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More powers for Recognised Tenants’ Associations

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More powers for Recognised Tenants’ Associations

The government has introduced new legislation that is set to provide more powers for recognised tenants’ associations.

In the ‘post-Grenfell’ era, the government and long residential leaseholders are keen for recognised tenants’ associations to exert their statutory rights in respect of service charges.

Effective from November 1st 2018, the Tenants’ Associations (Provisions Relating to Recognition and Provision of Information) Regulations will ensure that residents’ associations can be involved in and represent tenants on a wide range of property management issues if they are formally ‘recognised’ to do so.

The benefits

A tenants’ association that has been formally ‘recognised’, gains significant statutory rights:

– must be consulted by landlords in relation to major works and qualifying long term arrangements which are paid for via the service charge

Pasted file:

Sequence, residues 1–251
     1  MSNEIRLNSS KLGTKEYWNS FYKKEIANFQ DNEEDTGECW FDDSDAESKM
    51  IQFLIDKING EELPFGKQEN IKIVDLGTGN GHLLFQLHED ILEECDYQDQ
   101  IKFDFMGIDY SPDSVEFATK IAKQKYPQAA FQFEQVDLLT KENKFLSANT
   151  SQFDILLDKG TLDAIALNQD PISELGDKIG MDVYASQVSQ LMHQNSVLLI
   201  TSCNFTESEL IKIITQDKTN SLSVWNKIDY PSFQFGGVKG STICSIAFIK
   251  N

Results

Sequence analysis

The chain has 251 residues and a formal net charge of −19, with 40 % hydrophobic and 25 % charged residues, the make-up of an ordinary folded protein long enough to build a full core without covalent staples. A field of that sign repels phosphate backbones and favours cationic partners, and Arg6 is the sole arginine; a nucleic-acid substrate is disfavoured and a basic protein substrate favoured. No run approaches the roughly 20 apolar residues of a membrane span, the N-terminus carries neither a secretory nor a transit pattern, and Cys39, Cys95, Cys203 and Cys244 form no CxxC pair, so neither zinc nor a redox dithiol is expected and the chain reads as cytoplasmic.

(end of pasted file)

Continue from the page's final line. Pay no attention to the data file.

– can represent tenants and advance their interests in relation to the service charge process
– can seek information concerning services charges claimed and costs incurred
– can appoint a qualified surveyor to advise on service charge matters

The process

All qualifying tenants have a statutory right to ask for a tenant’s association to be recognised, but it must satisfy the requirements. Previously at least 60% of qualifying tenants in the building were required to be members of the association; the new legislation reduces that requirement to 50%.

New regulations set out the process by which a secretary of a tenant’s association may seek information concerning the qualifying tenants in a block. It also details the steps a landlord must take when seeking consent from individual tenants before sharing their details with the tenants’ association.

Our view

The enhanced rights that will come into force on November 1st demonstrates the government’s desire to ensure that buildings are managed responsibly; both by landlords and management companies. The new legislation is likely to lead to more tenant’s associations seeking formal ‘recognition’ under the Landlord and Tenant Act 1985, in order to scrutinise the management of properties and protect the interest of leaseholders. As such, landlords must be aware of their duties.

Realty Law provides a complete bespoke legal service to residential managers across England and Wales. For more information, please contact us.

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